|Titans bid to fix ailing offense vs. 49ers|
As they won six of seven games to join a first-place tie with Jacksonville in the AFC South, the Tennessee Titans did so while walking a tightrope not even a Wallenda might attempt.
Three times in that span, Tennessee wiped out double-figure deficits and made key plays in the fourth quarter to win. The run of success seemed to be built with a foundation of chewing gum, duct tape and baling wire.
The flimsy foundation finally fell apart last week in Arizona, but with a twist. This time, the Titans squandered a 7-0 halftime lead and lost 12-7, dropping a game behind the Jacksonville Jaguars in the division race.
And as they prepare for what they hope is a bounce-back game Sunday at the San Francisco 49ers, Tennessee (8-5) faces some real questions about its offense in general and quarterback Marcus Mariota in particular.
"It's very fixable," Titans coach Mike Mularkey said. "There are things in life that aren't. This is one that is. We've got a good group, a veteran staff that has been in a lot of meetings, a lot of rooms and a lot of games, and been with a lot of players.
"These guys trust what we're going to do. We're looking at it all over how we can get better. Everybody is. It's being addressed."
It was anticipated that after the second half of last year, when the Titans were one of the NFL's most explosive offenses, that its power running game would continue to lead to favorable one-on-one matchups for Mariota.
Instead, Tennessee's running game has slipped from top five to top 10, hampered by injuries on the offensive line and to running back DeMarco Murray. Mariota's slide has been more pronounced, particularly in the last four games, when he's tossed eight of his 14 interceptions.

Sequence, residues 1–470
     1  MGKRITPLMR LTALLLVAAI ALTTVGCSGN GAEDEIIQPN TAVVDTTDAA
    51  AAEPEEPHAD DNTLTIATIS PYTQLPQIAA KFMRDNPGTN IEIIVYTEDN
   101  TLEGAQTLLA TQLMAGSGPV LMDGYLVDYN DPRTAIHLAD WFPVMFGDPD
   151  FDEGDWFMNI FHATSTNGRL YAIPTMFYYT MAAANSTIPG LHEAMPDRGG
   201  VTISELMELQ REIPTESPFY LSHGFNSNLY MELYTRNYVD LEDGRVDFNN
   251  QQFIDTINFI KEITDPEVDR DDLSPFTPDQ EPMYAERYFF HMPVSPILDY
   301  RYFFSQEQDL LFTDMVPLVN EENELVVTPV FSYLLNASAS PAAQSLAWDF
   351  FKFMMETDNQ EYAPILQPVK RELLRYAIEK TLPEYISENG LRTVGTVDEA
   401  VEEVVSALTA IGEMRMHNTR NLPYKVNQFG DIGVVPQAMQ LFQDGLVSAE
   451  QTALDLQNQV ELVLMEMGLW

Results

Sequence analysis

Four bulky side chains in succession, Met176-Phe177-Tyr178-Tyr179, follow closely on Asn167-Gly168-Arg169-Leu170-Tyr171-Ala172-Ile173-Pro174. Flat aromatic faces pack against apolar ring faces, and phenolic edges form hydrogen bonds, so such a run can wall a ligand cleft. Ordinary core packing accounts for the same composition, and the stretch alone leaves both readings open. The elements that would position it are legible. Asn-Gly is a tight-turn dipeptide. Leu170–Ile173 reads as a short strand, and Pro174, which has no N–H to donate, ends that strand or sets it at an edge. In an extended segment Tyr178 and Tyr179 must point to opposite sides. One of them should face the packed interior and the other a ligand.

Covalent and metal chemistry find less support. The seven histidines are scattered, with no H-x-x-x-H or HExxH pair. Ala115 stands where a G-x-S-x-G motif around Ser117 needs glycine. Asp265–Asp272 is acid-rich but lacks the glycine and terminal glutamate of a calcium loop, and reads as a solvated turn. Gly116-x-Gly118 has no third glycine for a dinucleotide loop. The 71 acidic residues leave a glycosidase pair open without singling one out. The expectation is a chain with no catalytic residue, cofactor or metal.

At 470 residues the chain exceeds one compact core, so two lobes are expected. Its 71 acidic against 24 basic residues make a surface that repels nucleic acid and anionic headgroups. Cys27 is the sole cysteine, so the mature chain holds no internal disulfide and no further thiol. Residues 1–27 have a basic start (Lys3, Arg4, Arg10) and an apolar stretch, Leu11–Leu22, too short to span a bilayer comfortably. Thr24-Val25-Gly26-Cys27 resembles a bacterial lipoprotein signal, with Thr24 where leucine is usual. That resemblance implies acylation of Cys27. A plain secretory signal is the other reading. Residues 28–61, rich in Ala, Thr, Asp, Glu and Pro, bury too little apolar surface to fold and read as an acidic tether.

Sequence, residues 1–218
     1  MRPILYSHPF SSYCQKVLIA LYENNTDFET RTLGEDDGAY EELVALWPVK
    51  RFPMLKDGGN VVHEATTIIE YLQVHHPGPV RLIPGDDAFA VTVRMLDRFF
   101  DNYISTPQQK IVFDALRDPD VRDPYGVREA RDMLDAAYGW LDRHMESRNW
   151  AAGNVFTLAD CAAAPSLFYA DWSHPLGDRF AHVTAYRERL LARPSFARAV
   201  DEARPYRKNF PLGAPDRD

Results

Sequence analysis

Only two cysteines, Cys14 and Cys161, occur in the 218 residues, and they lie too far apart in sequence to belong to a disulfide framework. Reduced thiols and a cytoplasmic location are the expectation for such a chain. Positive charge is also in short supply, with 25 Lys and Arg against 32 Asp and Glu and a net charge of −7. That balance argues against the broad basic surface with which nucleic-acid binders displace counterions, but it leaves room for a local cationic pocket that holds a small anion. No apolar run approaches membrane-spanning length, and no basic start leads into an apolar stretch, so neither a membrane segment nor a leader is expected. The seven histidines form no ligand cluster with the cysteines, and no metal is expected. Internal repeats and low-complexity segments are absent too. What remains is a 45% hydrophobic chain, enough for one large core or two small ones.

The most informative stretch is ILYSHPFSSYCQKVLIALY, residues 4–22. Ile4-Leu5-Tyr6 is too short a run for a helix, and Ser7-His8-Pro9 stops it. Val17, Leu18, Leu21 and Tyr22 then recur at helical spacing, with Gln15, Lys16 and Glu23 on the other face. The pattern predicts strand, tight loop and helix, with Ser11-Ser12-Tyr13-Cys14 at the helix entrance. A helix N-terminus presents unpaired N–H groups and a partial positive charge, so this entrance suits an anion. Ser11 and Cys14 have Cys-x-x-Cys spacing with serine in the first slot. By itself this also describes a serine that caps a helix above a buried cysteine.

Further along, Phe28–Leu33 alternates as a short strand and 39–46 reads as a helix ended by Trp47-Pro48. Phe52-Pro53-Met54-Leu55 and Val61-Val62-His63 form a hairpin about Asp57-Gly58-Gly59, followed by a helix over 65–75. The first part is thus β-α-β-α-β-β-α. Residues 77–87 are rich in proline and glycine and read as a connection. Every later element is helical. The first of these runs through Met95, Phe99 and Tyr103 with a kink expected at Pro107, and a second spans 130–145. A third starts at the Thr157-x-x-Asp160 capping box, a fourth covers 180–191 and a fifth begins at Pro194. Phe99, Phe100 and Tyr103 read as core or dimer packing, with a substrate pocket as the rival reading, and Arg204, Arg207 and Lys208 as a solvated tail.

Mariota threw two picks at Arizona, one in the third quarter at the Cardinals' 5 as the offense was driving for a score to extend a tenuous 7-6 lead, and the other in the fourth quarter that led to Phil Dawson's fourth field goal of the day.
Mariota has dealt with injuries and inexperience at wide receiver, as well as his own ailments, including a knee injury in the first half last week that affected his level of play in the second half. But it's hard to blame that solely for four more interceptions than touchdowns going into Week 15.
"It affected a number of things," Mularkey said of Mariota's injury at Arizona. "It limited us game plan-wise, more than you can imagine. I know it was on his mind. He missed some throws he usually doesn't miss."
While Mariota missed throws, San Francisco's Jimmy Garoppolo didn't. In his second start with the 49ers on Sunday at Houston, the former New England Patriots' backup threw for 334 yards and a touchdown in a 26-16 win.
Garoppolo has won all four career starts, including his first two for San Francisco, but first-year coach Kyle Shanahan said his presence isn't the sole reason for consecutive victories.
"To put all of that on one person, I think, would be unfair to him and the rest of the guys," Shanahan said. "I think Jimmy's played very well these last two games. I think the guys around him have played pretty well, too."
Case in point: Wide receiver Marquise Goodwin, who caught six passes for 106 yards at Houston, giving him 783 yards on 41 grabs this year. In four previous seasons with Buffalo, Goodwin amassed 780 receiving yards.
Talk about your breakout seasons. Goodwin, with help from veteran Pierre Garcon, who's now on injured reserve, is having one.
"That's what we believed he could be, and I still believe he can be more," Shanahan said of Goodwin. "His ceiling is extremely high. He has the speed that scares people. He can break down very well. His hands are much better than people realize."
While the 49ers (3-10) will miss the playoffs for the fourth straight year, they could have an impact on who does. After this week's matchup, they finish the year by hosting Jacksonville and visiting the Los Angeles Rams.
Shanahan might be publicly downplaying it, but the presence of Garoppolo certainly makes San Francisco a tougher out than it's been most of the year.
Especially for an opponent whose quarterback is still searching for the form that stamped him as a rising star a year ago.